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Recruiting People To Engage In Criminal Activity

Recruiting people to engage in criminal activity is a rarely charged offence in the ACT, despite the definition of recruiting being very broad and the maximum penalties involving significant periods of imprisonment. The maximum penalty for recruiting is seven years’ imprisonment. The maximum penalty is 10 years if the person recruited is a child.

What Is The Definition of Recruiting?

Recruiting can be constituted by counselling, procuring, soliciting, inciting or inducing someone to carry out, or assist in carrying out, criminal activity. None of the alternative terms mentioned are defined in the Criminal Code 2002, and as such, they have their ordinary meaning.

While their meanings are not spelt out, “counselling” and “procuring” are specifically referred to in a separate section of the Code, which deals with complicity and common purpose. While specifically referred to, along with aid and abet, they are still not separately defined and will carry their ordinary meaning. It is arguable that few people are charged with recruiting because they are instead charged with common purpose.

The Offence Of Recruiting People to Engage in Criminal Activity

Section 655(1) of the Code states that a person commits the offence of recruiting if the person recruits someone else to carry out, or assist in carrying out, a criminal activity. “Criminal activity” is defined by Section 650 of the Code as being conduct that constitutes an indictable offence. An indictable offence is one that is punishable by a maximum penalty of imprisonment for longer than 2 years, or is declared by an ACT law to be an indictable offence.

The offence of recruiting is located in an area of the Code – Part 6A – which deals also with criminal groups. This is an area in which various legislatures have been active in recent years in efforts to curb the activities of outlaw motorcycle gangs, among others.

Aggravated Offence

Section 655(2) makes provisions for an aggravated offence and states that a person commits an offence if:

  • the person recruits a child to carry out, or assist in carrying out a criminal activity.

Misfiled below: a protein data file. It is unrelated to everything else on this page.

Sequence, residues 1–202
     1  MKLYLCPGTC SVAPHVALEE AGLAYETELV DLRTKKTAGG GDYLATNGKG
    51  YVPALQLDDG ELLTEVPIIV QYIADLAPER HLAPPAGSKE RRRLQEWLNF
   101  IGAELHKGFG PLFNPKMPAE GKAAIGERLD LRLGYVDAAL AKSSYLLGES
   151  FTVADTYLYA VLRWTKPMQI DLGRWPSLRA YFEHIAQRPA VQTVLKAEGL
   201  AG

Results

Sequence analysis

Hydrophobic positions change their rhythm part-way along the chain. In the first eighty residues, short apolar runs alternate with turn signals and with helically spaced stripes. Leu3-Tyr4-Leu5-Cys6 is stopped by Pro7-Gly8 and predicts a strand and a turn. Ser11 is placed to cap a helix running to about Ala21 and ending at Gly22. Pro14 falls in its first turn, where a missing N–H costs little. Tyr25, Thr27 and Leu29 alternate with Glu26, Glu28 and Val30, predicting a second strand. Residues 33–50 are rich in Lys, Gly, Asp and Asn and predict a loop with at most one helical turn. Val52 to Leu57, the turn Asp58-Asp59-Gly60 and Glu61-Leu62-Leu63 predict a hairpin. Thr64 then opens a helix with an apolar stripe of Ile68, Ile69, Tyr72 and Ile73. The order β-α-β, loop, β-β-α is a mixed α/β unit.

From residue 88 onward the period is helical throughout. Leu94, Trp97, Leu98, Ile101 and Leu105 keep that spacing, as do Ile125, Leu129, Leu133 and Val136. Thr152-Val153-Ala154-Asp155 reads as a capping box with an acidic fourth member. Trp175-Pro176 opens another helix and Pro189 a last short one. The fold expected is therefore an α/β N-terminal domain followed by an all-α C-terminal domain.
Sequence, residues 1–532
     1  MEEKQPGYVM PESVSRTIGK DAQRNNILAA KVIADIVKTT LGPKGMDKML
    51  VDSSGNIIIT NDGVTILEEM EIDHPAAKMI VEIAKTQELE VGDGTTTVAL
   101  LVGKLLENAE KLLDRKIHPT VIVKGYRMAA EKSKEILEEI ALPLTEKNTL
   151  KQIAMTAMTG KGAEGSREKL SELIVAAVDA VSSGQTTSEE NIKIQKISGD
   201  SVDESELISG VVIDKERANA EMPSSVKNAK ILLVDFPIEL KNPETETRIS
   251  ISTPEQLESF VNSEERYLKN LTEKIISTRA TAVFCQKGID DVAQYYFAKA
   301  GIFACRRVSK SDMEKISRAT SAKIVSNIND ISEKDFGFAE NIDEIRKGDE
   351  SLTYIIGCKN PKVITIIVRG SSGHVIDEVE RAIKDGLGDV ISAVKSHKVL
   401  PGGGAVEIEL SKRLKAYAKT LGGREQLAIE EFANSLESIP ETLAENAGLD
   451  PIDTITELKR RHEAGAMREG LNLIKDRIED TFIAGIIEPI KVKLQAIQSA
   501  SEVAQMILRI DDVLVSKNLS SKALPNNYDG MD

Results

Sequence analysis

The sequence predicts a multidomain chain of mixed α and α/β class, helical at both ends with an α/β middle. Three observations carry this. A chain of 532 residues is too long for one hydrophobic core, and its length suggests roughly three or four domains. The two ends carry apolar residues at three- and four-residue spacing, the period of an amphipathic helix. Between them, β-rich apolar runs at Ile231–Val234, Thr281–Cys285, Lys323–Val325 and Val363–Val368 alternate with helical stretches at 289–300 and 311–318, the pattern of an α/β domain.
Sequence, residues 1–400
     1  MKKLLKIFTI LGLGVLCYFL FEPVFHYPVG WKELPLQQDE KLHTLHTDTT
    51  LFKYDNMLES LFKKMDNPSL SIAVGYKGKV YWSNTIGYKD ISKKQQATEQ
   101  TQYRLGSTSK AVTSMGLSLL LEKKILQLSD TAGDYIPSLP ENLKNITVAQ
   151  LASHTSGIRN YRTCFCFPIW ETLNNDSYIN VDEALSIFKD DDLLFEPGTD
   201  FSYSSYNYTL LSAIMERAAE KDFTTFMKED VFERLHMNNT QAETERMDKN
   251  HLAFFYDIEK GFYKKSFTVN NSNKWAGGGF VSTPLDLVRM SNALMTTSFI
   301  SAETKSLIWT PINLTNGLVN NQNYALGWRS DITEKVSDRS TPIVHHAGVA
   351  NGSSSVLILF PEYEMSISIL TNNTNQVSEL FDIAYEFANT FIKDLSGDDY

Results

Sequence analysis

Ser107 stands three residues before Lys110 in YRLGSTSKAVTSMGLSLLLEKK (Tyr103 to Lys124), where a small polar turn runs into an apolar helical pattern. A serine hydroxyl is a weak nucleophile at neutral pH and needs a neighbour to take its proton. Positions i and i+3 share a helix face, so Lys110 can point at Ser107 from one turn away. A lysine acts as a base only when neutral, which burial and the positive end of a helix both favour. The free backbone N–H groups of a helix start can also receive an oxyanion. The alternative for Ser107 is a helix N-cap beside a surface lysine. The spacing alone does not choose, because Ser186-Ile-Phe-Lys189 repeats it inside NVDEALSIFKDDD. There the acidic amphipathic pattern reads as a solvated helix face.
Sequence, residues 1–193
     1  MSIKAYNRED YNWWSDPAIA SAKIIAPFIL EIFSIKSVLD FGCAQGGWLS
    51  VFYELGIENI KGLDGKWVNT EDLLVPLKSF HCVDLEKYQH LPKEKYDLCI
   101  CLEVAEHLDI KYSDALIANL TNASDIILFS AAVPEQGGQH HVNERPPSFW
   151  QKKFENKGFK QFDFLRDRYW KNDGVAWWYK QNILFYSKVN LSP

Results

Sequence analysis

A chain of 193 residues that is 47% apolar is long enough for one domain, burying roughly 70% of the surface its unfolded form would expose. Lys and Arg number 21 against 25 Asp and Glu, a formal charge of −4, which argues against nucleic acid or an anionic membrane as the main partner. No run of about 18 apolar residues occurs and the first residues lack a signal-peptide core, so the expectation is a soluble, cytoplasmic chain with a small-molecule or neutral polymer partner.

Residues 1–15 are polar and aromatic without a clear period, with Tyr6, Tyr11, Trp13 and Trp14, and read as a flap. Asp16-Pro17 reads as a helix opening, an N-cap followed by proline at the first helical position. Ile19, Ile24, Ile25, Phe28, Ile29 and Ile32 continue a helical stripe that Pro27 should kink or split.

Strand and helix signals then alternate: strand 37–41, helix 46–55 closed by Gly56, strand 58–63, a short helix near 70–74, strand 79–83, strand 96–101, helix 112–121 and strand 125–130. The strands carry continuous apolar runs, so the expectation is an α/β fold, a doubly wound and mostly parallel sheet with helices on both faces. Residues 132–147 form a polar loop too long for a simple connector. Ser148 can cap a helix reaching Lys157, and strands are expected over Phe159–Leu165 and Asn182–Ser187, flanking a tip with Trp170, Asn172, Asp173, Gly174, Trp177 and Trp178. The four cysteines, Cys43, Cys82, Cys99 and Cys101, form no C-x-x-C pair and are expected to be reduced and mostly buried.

What actions might constitute recruiting someone to engage in criminal activity?

  • A person seeking to convince a friend to help them load stolen property on to a truck.
  • Someone trying to persuade a work colleague to join a club or organisation that might be considered a criminal group (i.e. a bikie gang).
  • For the aggravated offence: an adult offering to pay someone to keep a lookout while the adult breaks into a home.

What the police must prove

In order to convict a person of this offence, the police must prove beyond reasonable doubt that the person charged:

  • recruited someone; and, either
  • that the recruiting was for the purpose of carrying out criminal activity, or
  • that it assisted the carrying out of criminal activity.

Possible defences

It may be possible to defend the charge by:

  • maintaining innocence if you were not the person involved in the alleged offence;
  • arguing that your actions did not amount to “recruiting”;
  • arguing that no criminal activity was carried out, or assisted;
  • in relation to the aggravated offence, arguing that the person recruited was not a child;
  • arguing that the accused acted under duress.

Which court will hear the matter?

There are various factors to be considered about which Court you might choose for your matter to be determined, if contested, or sentenced, if pleading guilty.

For advice or representation in any legal matter, please contact Armstrong Legal.

Andrew Fraser - Managing Associate - Canberra

This article was written by Andrew Fraser - Managing Associate - Canberra

Andrew works in the areas of criminal law and traffic law, providing practical advice in all of his clients’ matters. Andrew has, over many years, developed positive working relationships with prosecutors, magistrates and judges. His no-nonsense approach means he has a reputation for putting forward the best case possible for clients. Andrew has won many matters for his clients, including...

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